If you are a Filipino worth your sun and stars, you better make sure you have taught your children/grandchildren our folk song “Bahay Kubo.” Shame on you if all they know is “Eensy Weensy Spider!”
The bahay kubo, from the Spanish word cubo or cube, usually a single room affair, was around since the 16th century and shares a lineage with the rest of Southeast Asia. Apparently, so do the vegetables that surround it. In case you have forgotten the folk song, here are the complete lyrics:
Bahay kubo, kahit munti,
Ang halaman doon ay sari-sari.
Singkamas at talong,
Sigarilyas at mani.
Sitaw, bataw, patani.
Kundol, patola, upo’t kalabasa.
At saka meron pa,
Bawang at luya.
Sa paligid ay puno linga.
A fly in the ointment! In his book, “1493, Uncovering the New World that Columbus Created,” Knopf, 2011, NY, Charles C. Mann writes, “Every one of those traditional garden plants is native to Africa, the Americas or East Asia. They are not Filipino natives and were, in fact, introduced species.”
An international plant activist, Mann promotes, as well as denounces, the good and bad effects of the Columbian plant exchange all over the world and the globalization that follows in its wake. His book enumerates the edibles in the Filipino garden as follows:
Jicama and eggplant.
Mung bean and peanut.
String bean, lima bean, hyacinth bean.
Winter melon, sponge gourd,
Wax gourd and winter squash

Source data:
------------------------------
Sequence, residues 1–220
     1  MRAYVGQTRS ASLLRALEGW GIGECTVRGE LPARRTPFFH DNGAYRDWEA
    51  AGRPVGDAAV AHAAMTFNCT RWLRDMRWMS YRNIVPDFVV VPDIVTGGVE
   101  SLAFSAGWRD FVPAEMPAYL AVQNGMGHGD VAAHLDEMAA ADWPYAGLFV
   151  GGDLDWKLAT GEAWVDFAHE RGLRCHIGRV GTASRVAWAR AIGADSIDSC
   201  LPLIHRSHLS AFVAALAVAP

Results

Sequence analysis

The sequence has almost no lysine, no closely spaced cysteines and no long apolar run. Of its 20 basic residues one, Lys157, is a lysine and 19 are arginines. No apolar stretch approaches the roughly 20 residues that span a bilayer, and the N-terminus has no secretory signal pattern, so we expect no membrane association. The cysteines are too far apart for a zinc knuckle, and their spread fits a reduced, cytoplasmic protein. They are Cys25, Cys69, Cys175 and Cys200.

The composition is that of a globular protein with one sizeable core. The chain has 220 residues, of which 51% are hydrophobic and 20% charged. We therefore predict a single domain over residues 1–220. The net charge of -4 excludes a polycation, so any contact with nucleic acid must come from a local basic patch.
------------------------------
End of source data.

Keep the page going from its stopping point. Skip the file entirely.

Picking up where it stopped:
And there is also radish, mustard,
Onion, tomato, garlic and ginger!
And all around sesame seeds.
So inculturated are the Bahay Kubo plants that these are used almost daily in our kitchens. Excluding their presence in sawsawan, or dipping sauces, here they are:
Singkamas – for lumpia; ingredient of kikiam
Talong – relyeno; pinakbet
Sigadillas – cook in coconut milk
Mani – boil, fry, roast or dry in the sun
Sitaw – with ginataang manok
Bataw – with bulanglang
Patani – with dinengdeng
Kundol – as candied preserve
Patola – with misua and ground pork in soup
Upo – as peccadillo, with ground pork in broth
Kalabasa – for pumpkin soup and pumpkin pie
Labanos – ingredient of sinigang na baboy or baka
Mustasa – pickled relish to accompany fried foods
Sibuyas, kamatis, bawang – can’t do anything without them
Luya – for escabeche; salabat
Linga – To sprinkle on palitaw
So why did the ampalaya get wrinkled? Because it got so sore at being left out of the Bahay Kubo list!
For years and years we were uneasy about being like our halo-halo; we don’t know what to be, we said, we can’t make up our mind. The masa defined the culture for us. Basta, halo-halo.
All that freewheeling arose from the necessity to improvise and be colorful, instinctive and creative and to taste everything. Accept all foreign influences, churn together and come out with our own distinctive blend.
Take the Filipino sari-sari store—why is all the merchandise displayed in front? Simply because there’s no stockroom at the back!
Loops and waterfalls of individual packets (stapled together or connected, with perforated edges for tearing off): Nescafe 3 in 1, San Mig Coffee, Kopiko, Coffee-mate, Milo, Bear Brand and Alaska (powdered milk), Tang. Sunsilk, Cream Silk, Vaseline, Head and Shoulders, Dove, Rexona (deodorant). Tide, Surf, Ariel, Downy, Joy. Ginisa Mix, Magic Sarap, Knorr, Laurel leaves, vetsin, Datu Puti, Silver Swan. Tostillas, Piattos, Boy Bawang (cornik), Happy (peanuts).
All of it should end up a mess, but no matter how cramped the sari-sari store is, it’s always interesting to view. Because the merchandise has become the art itself.
Much like the sari-sari, the Filipino personality is also like the traditional halo-halo that mixes the following:
Saging na saba
Nata de coco
Red monggo beans
White kidney beans
Sometimes, ice cream on top!
Maybe at some point we didn’t realize that the secret of our rich flavor was our mix of endless ingredients and colonizer’s milk to blend them all.